Drug fumes leave police fighting for lives
LISA DAVIES AND ILYA GRIDNEFF
Three years ago, Sergeant Nader ''Ralph'' Hanna was administered the last rites as he lay critically ill on life support.
What had begun with him coughing up blood culminated in a complete shutdown of his lungs, an induced coma and a total dependence on machines to breathe.
Less than four months earlier, he and fellow policeman Senior Constable Andrew McGrath had been perfectly healthy.
Then came a directive in March 2009 to perform a ''drug audit'' in the Sydney Police Centre's drug exhibit centre.
In the overcrowded 4 x 5 metre room the men, along with colleague Detective Senior Constable Steven De La Croix, were confronted with shelves laden with drugs and other chemicals up to 15 years old.
Some had been used in prosecutions as far back as 1996. The court destruction orders were attached to them but there they had remained, festering in the unventilated room.
The toxic fumes hit the officers as they walked in unprotected, with temperatures of up to 40 degrees only increasing the conversion of liquids and powders to harmful vapours.
Three years on, neither can work, and they are suing the NSW Police Force for damages, claiming severe negligence on the part of their employer. In court documents seen by The Sun-Herald, the men allege they ''were not given any training to conduct a safe audit, there was no mention of any safety precautions, special equipment or what to do in case of an emergency or exposure to drugs''.
''[They] were not issued with masks, gloves or any protective equipment,'' alleges Hanna's statement of claim filed in the Supreme Court.
Hanna also alleges an ''intense strong chemical odour'' was present from the beginning of the drug audit but the concerns he raised to superiors fell on deaf ears.
At one stage, another officer came into the drug safe and told the men: ''You guys look drug f---ed.''
Hanna and McGrath both claim that on March 18, 2009, one particular instance of toxic exposure directly contributed to their dire medical conditions that remain debilitating to this day.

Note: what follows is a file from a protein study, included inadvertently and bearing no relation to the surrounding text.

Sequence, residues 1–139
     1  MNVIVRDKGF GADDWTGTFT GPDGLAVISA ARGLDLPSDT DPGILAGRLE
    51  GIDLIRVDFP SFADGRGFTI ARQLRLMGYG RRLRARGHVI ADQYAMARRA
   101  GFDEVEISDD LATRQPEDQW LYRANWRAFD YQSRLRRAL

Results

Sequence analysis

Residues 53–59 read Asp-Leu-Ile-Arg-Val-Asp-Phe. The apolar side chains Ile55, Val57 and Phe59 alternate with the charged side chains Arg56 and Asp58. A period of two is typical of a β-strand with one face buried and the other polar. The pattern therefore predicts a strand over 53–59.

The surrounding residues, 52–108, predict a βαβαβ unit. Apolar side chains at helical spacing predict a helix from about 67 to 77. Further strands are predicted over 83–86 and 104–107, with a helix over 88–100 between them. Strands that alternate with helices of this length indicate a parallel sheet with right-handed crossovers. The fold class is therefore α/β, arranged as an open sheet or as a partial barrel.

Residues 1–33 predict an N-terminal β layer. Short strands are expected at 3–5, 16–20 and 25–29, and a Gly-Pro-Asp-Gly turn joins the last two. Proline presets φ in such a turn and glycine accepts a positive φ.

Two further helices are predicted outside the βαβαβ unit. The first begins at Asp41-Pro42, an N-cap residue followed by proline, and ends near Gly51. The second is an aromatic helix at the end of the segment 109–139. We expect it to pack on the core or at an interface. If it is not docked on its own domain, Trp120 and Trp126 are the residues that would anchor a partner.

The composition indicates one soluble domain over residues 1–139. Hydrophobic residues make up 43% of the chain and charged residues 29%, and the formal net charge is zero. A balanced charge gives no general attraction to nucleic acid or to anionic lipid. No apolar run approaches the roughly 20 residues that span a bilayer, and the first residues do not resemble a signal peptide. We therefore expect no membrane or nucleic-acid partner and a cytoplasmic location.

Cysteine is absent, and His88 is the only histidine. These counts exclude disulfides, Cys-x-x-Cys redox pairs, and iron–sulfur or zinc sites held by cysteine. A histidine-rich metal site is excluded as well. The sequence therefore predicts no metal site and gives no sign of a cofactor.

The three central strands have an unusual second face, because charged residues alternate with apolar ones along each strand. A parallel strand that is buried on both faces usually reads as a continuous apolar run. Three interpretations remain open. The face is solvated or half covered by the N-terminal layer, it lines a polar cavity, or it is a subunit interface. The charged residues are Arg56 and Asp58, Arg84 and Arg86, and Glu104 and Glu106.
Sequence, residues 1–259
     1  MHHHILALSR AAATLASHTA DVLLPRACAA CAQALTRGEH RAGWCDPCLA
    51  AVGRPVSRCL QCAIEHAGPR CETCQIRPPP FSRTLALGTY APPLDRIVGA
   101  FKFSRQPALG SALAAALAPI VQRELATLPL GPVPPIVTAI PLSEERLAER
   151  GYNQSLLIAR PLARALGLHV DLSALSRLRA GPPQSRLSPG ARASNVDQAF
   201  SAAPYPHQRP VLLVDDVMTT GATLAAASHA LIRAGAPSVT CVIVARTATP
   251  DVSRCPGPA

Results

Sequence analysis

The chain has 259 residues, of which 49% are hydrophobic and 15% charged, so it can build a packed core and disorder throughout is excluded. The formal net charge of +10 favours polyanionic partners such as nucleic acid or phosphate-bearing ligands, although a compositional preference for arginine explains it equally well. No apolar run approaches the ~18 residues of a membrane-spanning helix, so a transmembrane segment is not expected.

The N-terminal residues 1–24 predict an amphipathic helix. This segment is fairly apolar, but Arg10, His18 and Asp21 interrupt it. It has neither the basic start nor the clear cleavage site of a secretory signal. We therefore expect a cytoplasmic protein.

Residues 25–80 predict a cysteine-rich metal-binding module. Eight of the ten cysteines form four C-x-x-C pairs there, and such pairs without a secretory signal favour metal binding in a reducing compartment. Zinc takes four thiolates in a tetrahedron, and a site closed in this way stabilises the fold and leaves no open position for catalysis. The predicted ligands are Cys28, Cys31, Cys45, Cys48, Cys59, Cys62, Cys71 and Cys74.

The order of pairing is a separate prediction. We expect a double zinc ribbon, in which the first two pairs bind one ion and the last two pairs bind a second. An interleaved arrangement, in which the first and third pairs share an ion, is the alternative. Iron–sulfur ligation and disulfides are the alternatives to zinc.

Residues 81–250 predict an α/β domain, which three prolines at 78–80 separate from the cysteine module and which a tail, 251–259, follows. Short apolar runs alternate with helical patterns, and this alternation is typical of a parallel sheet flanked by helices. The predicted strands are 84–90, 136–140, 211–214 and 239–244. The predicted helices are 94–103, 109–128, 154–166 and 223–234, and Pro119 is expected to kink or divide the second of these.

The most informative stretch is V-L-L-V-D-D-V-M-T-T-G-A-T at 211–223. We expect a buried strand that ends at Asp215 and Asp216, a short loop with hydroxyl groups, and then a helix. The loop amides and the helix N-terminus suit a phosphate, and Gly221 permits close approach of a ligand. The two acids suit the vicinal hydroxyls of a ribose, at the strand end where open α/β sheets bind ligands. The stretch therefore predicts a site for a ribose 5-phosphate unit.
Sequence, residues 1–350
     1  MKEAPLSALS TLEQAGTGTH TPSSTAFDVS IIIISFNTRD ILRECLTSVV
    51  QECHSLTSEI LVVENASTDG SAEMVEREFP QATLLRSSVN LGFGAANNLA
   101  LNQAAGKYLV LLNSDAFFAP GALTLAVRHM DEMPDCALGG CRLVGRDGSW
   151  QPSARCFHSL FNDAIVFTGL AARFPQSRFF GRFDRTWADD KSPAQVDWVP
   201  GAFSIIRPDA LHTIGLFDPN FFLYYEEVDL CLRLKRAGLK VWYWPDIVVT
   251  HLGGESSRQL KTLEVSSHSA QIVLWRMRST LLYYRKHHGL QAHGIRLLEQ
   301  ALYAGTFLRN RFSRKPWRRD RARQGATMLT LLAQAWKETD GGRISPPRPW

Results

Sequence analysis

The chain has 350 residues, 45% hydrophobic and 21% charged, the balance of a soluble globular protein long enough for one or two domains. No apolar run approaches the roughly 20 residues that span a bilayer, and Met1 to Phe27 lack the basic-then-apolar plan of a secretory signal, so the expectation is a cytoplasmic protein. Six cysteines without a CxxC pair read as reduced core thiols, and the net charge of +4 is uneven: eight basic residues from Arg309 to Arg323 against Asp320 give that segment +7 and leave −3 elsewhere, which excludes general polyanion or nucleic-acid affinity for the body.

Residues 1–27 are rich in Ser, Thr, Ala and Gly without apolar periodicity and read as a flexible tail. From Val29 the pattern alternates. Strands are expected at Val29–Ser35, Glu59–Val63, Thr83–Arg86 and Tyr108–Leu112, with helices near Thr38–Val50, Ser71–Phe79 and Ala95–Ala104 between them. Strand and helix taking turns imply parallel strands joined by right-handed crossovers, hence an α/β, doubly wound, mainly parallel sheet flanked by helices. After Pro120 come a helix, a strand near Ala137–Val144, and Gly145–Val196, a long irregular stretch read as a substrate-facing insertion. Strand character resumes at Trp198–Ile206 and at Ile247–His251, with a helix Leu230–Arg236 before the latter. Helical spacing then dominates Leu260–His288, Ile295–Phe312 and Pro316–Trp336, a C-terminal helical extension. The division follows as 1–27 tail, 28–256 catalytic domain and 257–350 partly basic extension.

The pair were examining a cardboard box containing 10 bags. Removing one, Hanna saw it contained a bulk beige powder but noticed the plastic bag had disintegrated and a strong smell emanated from it.
He ''instantly experienced a strong burning sensation in his eyes, nose, throat'' as well as breathlessness and ran outside to wash his hands and face. McGrath was affected in the same way and he also noticed a yellow oil on his hands. Initially, their supervisor said the drug was cocaine but the substance was later determined to be methamphetamine, which they were eventually told contained the carcinogen, safrole.
Hanna claims hazardous material officers visited the scene the following day but would not enter the area unprotected - they donned full protective suits and breathing apparatus in order to remove the toxic substance.
Seeing the potential for further danger, Hanna claims he repeated an earlier request for personal protective equipment in light of the incident but was told there was no budget for that.
As the days went on, Hanna's condition worsened and he experiencing severe headaches, coughing, a burning sensation in his nose and throat, shortness of breath and occasionally tasted blood in his mouth. He went on to suffer a second specific exposure to drug fumes a month later, this time in the high-security bulk drug safe at Sydney police headquarters in Surry Hills.
McGrath did not return to work after the first toxic incident, his doctor advising it was unsafe to do so. His health continued to deteriorate, with severe tightening in his chest, asthma, sleepless nights and anxiety - which only worsened when he was told Hanna was on life support and may not live. Hanna pulled through after three weeks in a coma.
McGrath remains furious at the way he and Hanna were treated.
Hanna's case, now before the Supreme Court, alleges dozens of negligent acts by the NSW police, including failing to provide a safe system of work and protecting the men from the risk of physical, mental or psychiatric injury.
He has also listed more than 50 breaches of the duty of care, expressing frustration that drug audits were done in such a haphazard way.
McGrath has similarly begun the process to sue. His lawyer, David Sylvester, said the case involved some ''deplorable'' conduct by police management.
''Furthermore, somehow the extensive and highly protected CCTV footage of the drug exhibit room, which would have captured the entire incident, has been 'lost' by police - even though it was clear from the outset that the toxic exposure was a very serious incident and the video should have been secured,'' he said.
WorkCover is prosecuting the police force for breaching the Occupational Health and Safety Act but it has pleaded not guilty. The NSW Police Force has yet to file its defence, and the matter will return to court on May 24.
A police spokesman said the force is considering its position in relation to Hanna's Supreme Court matter. He said it would be inappropriate to comment on the WorkCover prosecution.
''However, what we can say is that we take our obligations in relation to workplace safety very seriously,'' the spokesman said. ''The health and welfare of our officers is of paramount importance.''
-Sydney Morning Herald